Khairy: Nothing illegal about games partnership with Grab

Khairy Jamaluddin (left) during the announcement of the sponsorship deal between Grab and the organisers of the KL SEA Games on May 23. ― Bernama pic

KUALA LUMPUR, May 31 ― The Youth and Sports Ministry has refuted claims Grab is illegal despite the authorities having yet to regulate ride sharing services.

“No, it is not illegal,” said its minister Khairy Jamaluddin, responding to criticism following a sponsorship deal between Grab and the organisers of the 2017 KL SEA Games.

Big Blue Taxi Facilities (BBTF) Sdn Bhd adviser Datuk Shamsubahrin Ismail had said Grab had yet to be legalised by the government.

Shamsubahrin was baffled as to how the company was recently named as the official ride hailing partner for the games, to be held from August 19 to 30.

Ride sharing services hogged the limelight for the wrong reasons recently, with the latest being a Uber driver robbing his passenger at knife-point last week.

“With regards to the recent incident, corrective measures have been announced by the particular company. We have teamed up with another ride hailing company,” Khairy said.

“Notwithstanding that, I’m sure our partners at Grab will ensure such things will not happen. It will be embarrassing for them if it happens.”

On the scrutiny of drivers, Khairy said: “That’s a question that needs to be asked in terms of regulation. The Land Public Transport Commission (SPAD) is the correct authority to look into such matters.

“Nancy (Minister in the Prime Minister’s Department Datuk Seri Nancy Shukri) is best suited to answer these questions.”

Khairy said Grab services were being used and would likely be used during the SEA Games.

“It’s essential for us to team up with the proper authorities and help them in correcting Grab drivers, promoting proper tools and ensuring they do proper screening of their drivers before the games,” he said.

He added that the “screening process must be stricter”.

Grab sealed its role as the gold sponsor, being the Official Ride Hailing Partner for the 29th edition of the SEA Games and the 9th Asean Para Games.

The deal sees an estimated sponsorship value of RM6 million, including cash, goods and services besides supporting the publicity of the games through Grab’s digital platform.

But the announcement and signing of a Memorandum of Understanding between Grab Malaysia and the games organiser on May 23, which was witnessed by Khairy, did not go down well with certain quarters.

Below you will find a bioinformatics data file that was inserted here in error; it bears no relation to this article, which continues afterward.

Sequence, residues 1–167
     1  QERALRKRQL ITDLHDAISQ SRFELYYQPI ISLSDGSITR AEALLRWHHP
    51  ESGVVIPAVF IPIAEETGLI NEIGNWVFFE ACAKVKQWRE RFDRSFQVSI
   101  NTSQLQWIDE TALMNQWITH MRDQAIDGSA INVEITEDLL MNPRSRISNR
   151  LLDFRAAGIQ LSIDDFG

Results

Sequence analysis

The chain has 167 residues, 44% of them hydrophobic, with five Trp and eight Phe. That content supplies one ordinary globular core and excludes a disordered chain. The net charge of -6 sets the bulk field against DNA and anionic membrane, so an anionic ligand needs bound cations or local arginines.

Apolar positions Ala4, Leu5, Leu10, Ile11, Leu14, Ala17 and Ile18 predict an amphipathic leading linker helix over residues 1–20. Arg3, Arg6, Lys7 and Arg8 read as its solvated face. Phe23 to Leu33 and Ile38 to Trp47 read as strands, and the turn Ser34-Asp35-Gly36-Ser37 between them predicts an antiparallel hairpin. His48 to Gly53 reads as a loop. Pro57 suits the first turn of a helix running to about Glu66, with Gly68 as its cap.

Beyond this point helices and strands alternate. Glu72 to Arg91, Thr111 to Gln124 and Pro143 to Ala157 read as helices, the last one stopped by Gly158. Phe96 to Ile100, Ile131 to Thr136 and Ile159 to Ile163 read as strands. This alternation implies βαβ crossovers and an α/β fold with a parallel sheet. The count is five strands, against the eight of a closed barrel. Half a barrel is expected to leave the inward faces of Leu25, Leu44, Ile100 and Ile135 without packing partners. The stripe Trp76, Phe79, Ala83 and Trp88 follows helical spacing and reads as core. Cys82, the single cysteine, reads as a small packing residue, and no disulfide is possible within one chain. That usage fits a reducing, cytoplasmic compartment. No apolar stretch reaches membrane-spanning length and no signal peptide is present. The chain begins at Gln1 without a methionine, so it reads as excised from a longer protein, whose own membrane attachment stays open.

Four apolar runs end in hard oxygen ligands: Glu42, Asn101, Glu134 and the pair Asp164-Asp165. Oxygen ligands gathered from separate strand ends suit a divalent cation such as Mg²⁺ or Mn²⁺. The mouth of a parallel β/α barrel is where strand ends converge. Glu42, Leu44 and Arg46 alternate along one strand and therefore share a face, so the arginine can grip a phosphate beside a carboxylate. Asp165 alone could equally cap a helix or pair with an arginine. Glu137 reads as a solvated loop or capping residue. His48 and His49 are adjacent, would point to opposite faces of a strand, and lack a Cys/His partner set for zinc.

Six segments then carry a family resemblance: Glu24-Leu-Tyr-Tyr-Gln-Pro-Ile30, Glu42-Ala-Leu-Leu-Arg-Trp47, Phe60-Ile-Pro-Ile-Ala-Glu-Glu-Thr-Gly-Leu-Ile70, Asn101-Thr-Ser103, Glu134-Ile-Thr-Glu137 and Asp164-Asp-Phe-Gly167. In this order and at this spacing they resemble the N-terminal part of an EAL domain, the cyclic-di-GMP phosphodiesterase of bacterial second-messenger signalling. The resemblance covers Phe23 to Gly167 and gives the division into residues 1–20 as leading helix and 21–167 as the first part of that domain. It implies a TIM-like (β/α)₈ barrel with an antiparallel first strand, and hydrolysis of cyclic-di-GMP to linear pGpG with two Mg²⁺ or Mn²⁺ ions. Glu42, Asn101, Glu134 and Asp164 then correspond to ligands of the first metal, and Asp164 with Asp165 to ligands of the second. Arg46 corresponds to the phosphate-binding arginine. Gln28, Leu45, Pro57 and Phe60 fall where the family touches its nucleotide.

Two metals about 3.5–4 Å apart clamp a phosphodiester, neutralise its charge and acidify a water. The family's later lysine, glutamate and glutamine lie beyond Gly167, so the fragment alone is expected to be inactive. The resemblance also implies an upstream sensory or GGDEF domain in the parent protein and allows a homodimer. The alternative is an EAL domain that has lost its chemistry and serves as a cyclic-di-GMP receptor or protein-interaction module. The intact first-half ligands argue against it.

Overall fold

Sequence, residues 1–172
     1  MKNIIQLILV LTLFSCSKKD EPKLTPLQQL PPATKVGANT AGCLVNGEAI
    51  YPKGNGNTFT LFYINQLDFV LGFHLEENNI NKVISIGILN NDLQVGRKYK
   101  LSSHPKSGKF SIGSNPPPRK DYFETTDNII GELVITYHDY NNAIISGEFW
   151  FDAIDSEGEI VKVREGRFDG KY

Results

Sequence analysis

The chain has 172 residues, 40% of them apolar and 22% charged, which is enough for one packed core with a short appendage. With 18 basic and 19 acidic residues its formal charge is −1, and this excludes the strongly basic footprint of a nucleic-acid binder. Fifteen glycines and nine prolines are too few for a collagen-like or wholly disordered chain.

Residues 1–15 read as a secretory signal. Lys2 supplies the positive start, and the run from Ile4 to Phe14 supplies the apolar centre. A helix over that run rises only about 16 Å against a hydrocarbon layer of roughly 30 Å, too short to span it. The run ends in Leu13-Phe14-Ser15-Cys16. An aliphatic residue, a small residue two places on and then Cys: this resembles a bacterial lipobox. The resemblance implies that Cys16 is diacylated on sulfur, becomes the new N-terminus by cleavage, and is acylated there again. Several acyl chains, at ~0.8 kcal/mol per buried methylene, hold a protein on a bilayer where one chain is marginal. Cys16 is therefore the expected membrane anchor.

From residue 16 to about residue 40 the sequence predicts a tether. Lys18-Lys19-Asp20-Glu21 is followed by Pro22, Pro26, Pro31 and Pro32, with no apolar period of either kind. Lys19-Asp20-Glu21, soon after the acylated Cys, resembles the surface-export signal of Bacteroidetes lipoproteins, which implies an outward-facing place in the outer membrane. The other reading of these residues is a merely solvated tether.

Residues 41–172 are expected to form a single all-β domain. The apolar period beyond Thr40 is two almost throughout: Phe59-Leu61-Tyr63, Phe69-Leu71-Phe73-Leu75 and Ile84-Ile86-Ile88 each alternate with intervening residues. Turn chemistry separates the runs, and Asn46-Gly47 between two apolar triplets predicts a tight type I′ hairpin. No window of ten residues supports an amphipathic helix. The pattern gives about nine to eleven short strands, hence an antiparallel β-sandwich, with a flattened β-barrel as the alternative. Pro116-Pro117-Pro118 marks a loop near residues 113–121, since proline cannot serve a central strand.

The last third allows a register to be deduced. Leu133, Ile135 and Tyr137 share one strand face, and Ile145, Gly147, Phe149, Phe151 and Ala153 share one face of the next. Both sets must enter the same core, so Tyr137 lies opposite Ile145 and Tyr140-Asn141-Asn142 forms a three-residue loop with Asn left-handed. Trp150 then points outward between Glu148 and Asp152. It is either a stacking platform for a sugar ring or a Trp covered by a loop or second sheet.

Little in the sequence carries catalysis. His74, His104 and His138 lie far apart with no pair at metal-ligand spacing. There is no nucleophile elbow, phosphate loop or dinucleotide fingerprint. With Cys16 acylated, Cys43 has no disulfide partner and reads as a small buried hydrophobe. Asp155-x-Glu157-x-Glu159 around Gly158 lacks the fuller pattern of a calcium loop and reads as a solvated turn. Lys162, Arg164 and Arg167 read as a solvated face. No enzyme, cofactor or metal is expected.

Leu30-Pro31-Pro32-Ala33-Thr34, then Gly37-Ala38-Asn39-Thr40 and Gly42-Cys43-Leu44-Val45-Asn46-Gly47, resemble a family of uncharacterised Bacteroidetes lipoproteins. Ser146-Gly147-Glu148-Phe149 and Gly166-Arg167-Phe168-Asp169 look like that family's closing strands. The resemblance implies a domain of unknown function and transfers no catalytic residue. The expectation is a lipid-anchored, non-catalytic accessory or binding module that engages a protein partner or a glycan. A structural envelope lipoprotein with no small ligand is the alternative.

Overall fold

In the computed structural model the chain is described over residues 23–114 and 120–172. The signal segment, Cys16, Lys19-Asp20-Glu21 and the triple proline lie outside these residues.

“How can Khairy condone such an illegal activity, especially when the service has not been approved by the government?” asked Shamsubahrin.

He said the lack of regulation and enforcement on ride hailing services posed a serious risk to tourists and customers during the multi-sports event.

Shamsubahrin asked who would take ownership of mishaps that could happen.

“By allowing Grab to operate, the ministry is placing visitors, tourists and sportsmen in a risky situation,” he said.

“Don’t be a sell-out and place the lives of others at risk just for money.”

However, he said if such services were approved by the government before the start of the games, his company would give its full cooperation.

“Simply put, ride hailing services are illegal and should not be used during the games,” he said.

“If the services are legalised and proper regulations and checks are in place, then we will assist the government during the event.”

On another note, Shamsubahrin said BBTF, a consortium managing taxis since 2009, is working with SPAD in conceptualising an electronic ticketing system called Big Blue e-Ticket.

The project, which started earlier this year, would not just involve a ticketing system but include a revamp of taxis services and facilities in the city.

“We are planning to refurbish old taxi stands. They would double up as information centre for travellers,” he said.

The ticketing system would only apply to those registered with the consortium as it aimed to eventually manage the entire taxi operations in the capital.

Shamsubahrin said the system would also scrutinise drivers, their financial and criminal backgrounds, vehicle condition and even attire.

“We don’t want cabbies looking like rock stars, with long hair and dressed shabbily, and haggle fares with customers,” he said.

“I’m prepared to clean up the industry … to rid such bad apples and to gain the trust of the people again.”

He said there were about 2,000 taxis registered with the consortium and  about 200,000 taxis on the roads nationwide.